If I add more refrigerant to my system, will it cool better? NO! Adding too much refrigerant to a system is worse than not enough. As said before, compressors compress vapor/gas, not liquid. Increasing the refrigerant charge increases the chances of not boiling off all the refrigerant in the evaporator, and liquid entering the compressor. Not to mention your evaporator pressure increases. The higher the evaporator pressure, the higher the temperature of the evaporator. The warmer that evaporator is, the less “cooling” you get from it.

There are “alternative” refrigerants offered. Should I use them? Later model years use 134a refrigerant in the system. If you doubt what refrigerant your system uses, check under the hood for the labeling. DO NOT USE THE WRONG REFRIGERANT.

Older systems use R12 refrigerant. R12 is available for those who would like to second mortgage their homes. The price is very high per pound.

Can I covert an R12 system to R134a? Yes, but you may lose capacity on the system. It was designed to operate at certain pressures and temperatures. R134a needs a larger condenser. You may be disappointed with just merely retrofiting over to R134a from R12.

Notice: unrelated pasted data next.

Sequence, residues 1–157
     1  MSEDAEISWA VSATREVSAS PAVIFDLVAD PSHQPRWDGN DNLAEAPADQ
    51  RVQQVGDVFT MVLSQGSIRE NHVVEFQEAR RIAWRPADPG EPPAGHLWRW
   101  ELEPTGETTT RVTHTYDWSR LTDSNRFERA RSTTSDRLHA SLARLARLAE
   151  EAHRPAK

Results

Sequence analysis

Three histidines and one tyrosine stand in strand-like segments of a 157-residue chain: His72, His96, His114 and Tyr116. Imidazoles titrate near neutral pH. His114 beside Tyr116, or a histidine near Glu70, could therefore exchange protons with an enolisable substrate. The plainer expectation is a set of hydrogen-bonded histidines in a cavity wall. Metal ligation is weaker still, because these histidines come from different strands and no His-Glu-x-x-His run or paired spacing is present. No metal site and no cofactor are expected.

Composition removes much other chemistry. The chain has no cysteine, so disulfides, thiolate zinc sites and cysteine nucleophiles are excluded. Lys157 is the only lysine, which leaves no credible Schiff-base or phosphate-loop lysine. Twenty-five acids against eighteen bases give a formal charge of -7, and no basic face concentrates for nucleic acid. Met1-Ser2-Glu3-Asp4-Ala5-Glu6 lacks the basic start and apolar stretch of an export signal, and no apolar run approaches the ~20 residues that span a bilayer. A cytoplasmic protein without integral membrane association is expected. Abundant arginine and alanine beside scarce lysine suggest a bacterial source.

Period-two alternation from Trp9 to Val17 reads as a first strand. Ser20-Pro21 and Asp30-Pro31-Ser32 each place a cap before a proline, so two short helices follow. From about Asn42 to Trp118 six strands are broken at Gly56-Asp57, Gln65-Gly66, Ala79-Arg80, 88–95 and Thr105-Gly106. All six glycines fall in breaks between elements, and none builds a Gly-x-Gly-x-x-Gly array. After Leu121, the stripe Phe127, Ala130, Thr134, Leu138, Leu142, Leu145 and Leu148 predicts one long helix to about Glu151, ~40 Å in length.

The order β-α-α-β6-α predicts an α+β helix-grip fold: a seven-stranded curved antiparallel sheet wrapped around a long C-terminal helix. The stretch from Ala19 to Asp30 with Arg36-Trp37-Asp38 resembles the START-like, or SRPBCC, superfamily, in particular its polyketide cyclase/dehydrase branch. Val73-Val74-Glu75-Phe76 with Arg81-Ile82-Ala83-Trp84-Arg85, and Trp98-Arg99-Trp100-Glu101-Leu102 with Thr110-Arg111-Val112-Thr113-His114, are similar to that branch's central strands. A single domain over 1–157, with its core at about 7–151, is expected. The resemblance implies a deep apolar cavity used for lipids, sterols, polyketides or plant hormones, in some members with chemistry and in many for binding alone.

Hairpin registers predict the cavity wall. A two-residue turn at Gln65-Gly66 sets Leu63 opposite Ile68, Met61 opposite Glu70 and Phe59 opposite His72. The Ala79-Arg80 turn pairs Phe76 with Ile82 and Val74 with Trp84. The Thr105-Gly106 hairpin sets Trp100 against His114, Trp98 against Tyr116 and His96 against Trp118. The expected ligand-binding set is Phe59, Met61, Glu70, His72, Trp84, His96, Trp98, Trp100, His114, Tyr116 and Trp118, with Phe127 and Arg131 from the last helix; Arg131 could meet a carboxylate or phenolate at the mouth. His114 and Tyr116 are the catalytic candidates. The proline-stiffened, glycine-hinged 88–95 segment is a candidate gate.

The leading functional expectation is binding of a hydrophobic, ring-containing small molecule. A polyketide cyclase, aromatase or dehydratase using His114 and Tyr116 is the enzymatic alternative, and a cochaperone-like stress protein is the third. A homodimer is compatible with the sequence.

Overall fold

Can I just add a different refrigerant to the system if it’s low? Legal speaking? No. You need to have one type of refrigerant in the system. Thermodynamically, it may work, but you will not have any reference material available for pressures and temperatures.

I see refrigerants offered that say that you do not need to be a licensed certified technician to purchase it. What are they? These are different blend refrigerants. Some of these are not legal for use in automotive applications. Some of these refrigerants are flammable.

What is a certified technician? These are the techs that have taken a test to be approved to purchase and use refrigerants in systems. Depending upon local laws will depend upon what is required in your area. R12 you must be EPA certified national speaking. Generally speaking R134a you don’t need certification, but that varies from location to location. Check to see what is needed (if you are really interested in the legality of it )

Is there anything to improve the capacity of my system? Make sure that you have good air flow through the evaporator coil, condenser coil, and the proper refrigerant charge.